short-term funds for financing long-term investments
is quite unlikely. Further, the fact that foreign
exchange reserves will also be used up might mean
heading towards a crisis in the long run.
On the other hand, under a flexible exchange rate,
if capital inflow increases, the real exchange rate
appreciates and foreign capital gets a higher return
compared to government investments. This creates contractionary
movements in the economy. But the reverse is not completely
true. When capital flows out the exchange rate does
not depreciate so much, since expectations regarding
the real exchange rate going down are much higher
as real wages (and therefore workers' demand) cannot
fall so much. So the expansionary process does not
really take place to a large extent and, in addition,
government intervention in such cases may actually
set in motion a deflationary process.
The second session in the morning started off with
an introduction to IDEAs by Jomo K.S. (University
of Malaysia, IDEAs). After describing the organization,
its objectives and aspirations, he invited the audience
to visit the official website. He then went on to
speak about three issues surrounding financial liberalization
(FL)—first, the consequence of FL; second, the
process by which FL creates a net capital outflow;
and finally, the question of capital management.
The consequences of FL have been many. First, except
for brief time-periods in Asia and Latin America,
there has been an overall outflow of capital from
the developing countries. Second, the lower costs
of funds that were promised as a benefit of FL have
not been realized. Third, financial deepening was
supposed to reduce risks. This has happened, but because
of new financial instruments, the likelihood of systemic
risk has in fact increased. Financial capital inflow
has also generated a strong deflationary impact since
capital inflows are very sensitive to consumer price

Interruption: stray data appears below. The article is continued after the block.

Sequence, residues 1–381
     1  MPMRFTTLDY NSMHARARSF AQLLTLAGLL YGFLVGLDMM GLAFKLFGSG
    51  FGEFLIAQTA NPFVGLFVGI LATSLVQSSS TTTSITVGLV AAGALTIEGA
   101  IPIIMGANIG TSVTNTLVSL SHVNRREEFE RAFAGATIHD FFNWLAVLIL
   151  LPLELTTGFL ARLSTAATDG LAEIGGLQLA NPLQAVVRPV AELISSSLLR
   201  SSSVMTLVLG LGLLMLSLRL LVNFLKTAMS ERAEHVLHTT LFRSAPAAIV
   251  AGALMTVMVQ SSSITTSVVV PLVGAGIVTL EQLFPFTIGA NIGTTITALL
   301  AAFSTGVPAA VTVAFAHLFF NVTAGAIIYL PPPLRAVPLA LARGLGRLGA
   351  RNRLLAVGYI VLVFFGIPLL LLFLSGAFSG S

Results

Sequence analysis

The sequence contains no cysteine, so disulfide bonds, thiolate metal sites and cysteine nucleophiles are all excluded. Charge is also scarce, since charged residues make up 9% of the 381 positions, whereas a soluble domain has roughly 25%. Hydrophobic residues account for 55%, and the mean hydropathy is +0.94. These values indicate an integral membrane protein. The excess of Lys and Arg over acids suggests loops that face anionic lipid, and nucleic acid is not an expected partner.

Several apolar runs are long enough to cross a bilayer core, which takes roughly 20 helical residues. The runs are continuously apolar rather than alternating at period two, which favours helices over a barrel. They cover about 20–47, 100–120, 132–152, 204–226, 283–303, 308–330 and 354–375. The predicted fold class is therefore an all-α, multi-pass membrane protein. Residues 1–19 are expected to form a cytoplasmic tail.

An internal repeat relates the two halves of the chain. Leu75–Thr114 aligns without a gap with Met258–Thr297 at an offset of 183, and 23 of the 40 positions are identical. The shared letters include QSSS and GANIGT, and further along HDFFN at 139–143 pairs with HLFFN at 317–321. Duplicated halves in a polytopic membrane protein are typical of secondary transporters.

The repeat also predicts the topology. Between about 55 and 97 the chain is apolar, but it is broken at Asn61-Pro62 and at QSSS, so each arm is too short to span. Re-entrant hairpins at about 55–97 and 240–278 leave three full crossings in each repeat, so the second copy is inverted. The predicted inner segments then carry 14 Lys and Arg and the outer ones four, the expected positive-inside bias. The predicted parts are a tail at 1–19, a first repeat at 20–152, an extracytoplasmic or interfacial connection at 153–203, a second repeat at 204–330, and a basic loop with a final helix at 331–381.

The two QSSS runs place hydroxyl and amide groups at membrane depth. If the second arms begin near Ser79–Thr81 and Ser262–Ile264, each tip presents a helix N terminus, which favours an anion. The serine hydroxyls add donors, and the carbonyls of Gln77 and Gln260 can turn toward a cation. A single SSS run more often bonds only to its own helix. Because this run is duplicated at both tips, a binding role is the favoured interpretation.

inflation and therefore governments have generated
a strong tendency to control inflation. However, as
country experiences show, the higher the extent of
inflation targeting, the lower has been the growth
rate. Finally, international financial liberalization
has undermined the possibility of development finance
that is long-term in nature.
The phenomenon of net capital outflow that has taken
place as a result of FL has in turn its own sources
and consequent complications. Firstly, asset price
bubbles have occurred more, and more but this does
not contribute to development. Secondly, with the
availability of cheap credit, consumer binges by the
rich have become a common phenomenon, but again, this
kind of spending is not related to development. Thirdly,
there has been a suggestion that overinvestment occurs
as a result of increased availability of capital,
but the speaker did not quite agree with this view.
Fourthly, so far the prudence that has been exercised
has meant that central banks have increased their
reserves to offset these flows. So, contrary to common
perceptions, there are no increases in actual stocks.
Jomo went on to stress the need for capital management
and detailed the considerations that should be borne
in mind while doing so. First, capital controls have
historically been followed in many countries, and
more recently in Malaysia. Emphasizing the rationale
of 'national interest', he pointed out that in Brazil
this was a viable option in the interests of the national
business community. Second, the discussion must now
go beyond the realm of whether to have 'capital control
or not', but to 'what kind' of capital control. Types
of capital control, given their historical associations
and therefore the vocabulary used, are very important.
The role of political coalitions or social forces
is also crucial in this regard.
Third, the degree of market-friendliness is important.
Controls in India, China and Taiwan Province of China,
for example, seem much more market-friendly and effective
compared to those in Chile and Columbia. Fourth, policy-makers
need to differentiate between portfolio flows and
FDI, and to encourage the latter but not the former.
The type of FDI also represents an important policy
choice. Fifth, capital controls need to decide whether
to control inflows and outflows, and distinguish between
the interests of citizens and the corporate sector.
Sixth, policies regarding mergers and acquisitions
need to be clarified. Finally, structuring exemptions
so as to effectively signal incentives and disincentives
is another factor to be taken into account.
Jomo ended by stressing the need for careful discussions
between policy formulators and people with a detailed
and nuanced knowledge of the subject.
Carlos Medeiros (UFRJ, Brazil), the next speaker,
discussed the impact of liberalization on income distribution
in Latin America, especially Brazil.
Latin America was characterized by an acute dollar
shortage in the eighties, which was reversed in the